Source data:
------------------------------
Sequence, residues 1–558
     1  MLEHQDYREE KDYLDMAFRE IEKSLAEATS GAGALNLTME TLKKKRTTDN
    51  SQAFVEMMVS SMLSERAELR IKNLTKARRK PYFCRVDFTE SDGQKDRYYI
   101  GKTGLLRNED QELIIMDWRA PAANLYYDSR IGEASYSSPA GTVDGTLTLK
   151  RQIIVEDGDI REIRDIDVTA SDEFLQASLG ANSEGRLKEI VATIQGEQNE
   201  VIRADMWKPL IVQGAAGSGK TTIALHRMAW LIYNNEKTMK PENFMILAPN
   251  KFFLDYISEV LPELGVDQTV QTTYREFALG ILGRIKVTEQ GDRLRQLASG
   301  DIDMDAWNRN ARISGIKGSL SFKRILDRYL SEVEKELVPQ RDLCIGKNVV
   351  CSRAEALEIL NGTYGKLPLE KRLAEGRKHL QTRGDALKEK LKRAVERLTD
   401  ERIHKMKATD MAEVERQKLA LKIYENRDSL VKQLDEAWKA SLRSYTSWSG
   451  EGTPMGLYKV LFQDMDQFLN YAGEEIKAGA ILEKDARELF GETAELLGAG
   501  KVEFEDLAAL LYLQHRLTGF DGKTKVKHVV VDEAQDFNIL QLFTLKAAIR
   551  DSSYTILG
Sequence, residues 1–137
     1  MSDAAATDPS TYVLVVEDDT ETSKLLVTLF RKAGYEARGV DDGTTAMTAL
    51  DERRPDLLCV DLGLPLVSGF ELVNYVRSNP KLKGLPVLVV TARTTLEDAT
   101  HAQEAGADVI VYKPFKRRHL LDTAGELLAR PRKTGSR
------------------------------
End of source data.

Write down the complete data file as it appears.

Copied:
Sequence, residues 1–558
     1  MLEHQDYREE KDYLDMAFRE IEKSLAEATS GAGALNLTME TLKKKRTTDN
    51  SQAFVEMMVS SMLSERAELR IKNLTKARRK PYFCRVDFTE SDGQKDRYYI
   101  GKTGLLRNED QELIIMDWRA PAANLYYDSR IGEASYSSPA GTVDGTLTLK
   151  RQIIVEDGDI REIRDIDVTA SDEFLQASLG ANSEGRLKEI VATIQGEQNE
   201  VIRADMWKPL IVQGAAGSGK TTIALHRMAW LIYNNEKTMK PENFMILAPN
   251  KFFLDYISEV LPELGVDQTV QTTYREFALG ILGRIKVTEQ GDRLRQLASG
   301  DIDMDAWNRN ARISGIKGSL SFKRILDRYL SEVEKELVPQ RDLCIGKNVV
   351  CSRAEALEIL NGTYGKLPLE KRLAEGRKHL QTRGDALKEK LKRAVERLTD
   401  ERIHKMKATD MAEVERQKLA LKIYENRDSL VKQLDEAWKA SLRSYTSWSG
   451  EGTPMGLYKV LFQDMDQFLN YAGEEIKAGA ILEKDARELF GETAELLGAG
   501  KVEFEDLAAL LYLQHRLTGF DGKTKVKHVV VDEAQDFNIL QLFTLKAAIR
   551  DSSYTILG
Sequence, residues 1–137
     1  MSDAAATDPS TYVLVVEDDT ETSKLLVTLF RKAGYEARGV DDGTTAMTAL
    51  DERRPDLLCV DLGLPLVSGF ELVNYVRSNP KLKGLPVLVV TARTTLEDAT
   101  HAQEAGADVI VYKPFKRRHL LDTAGELLAR PRKTGSR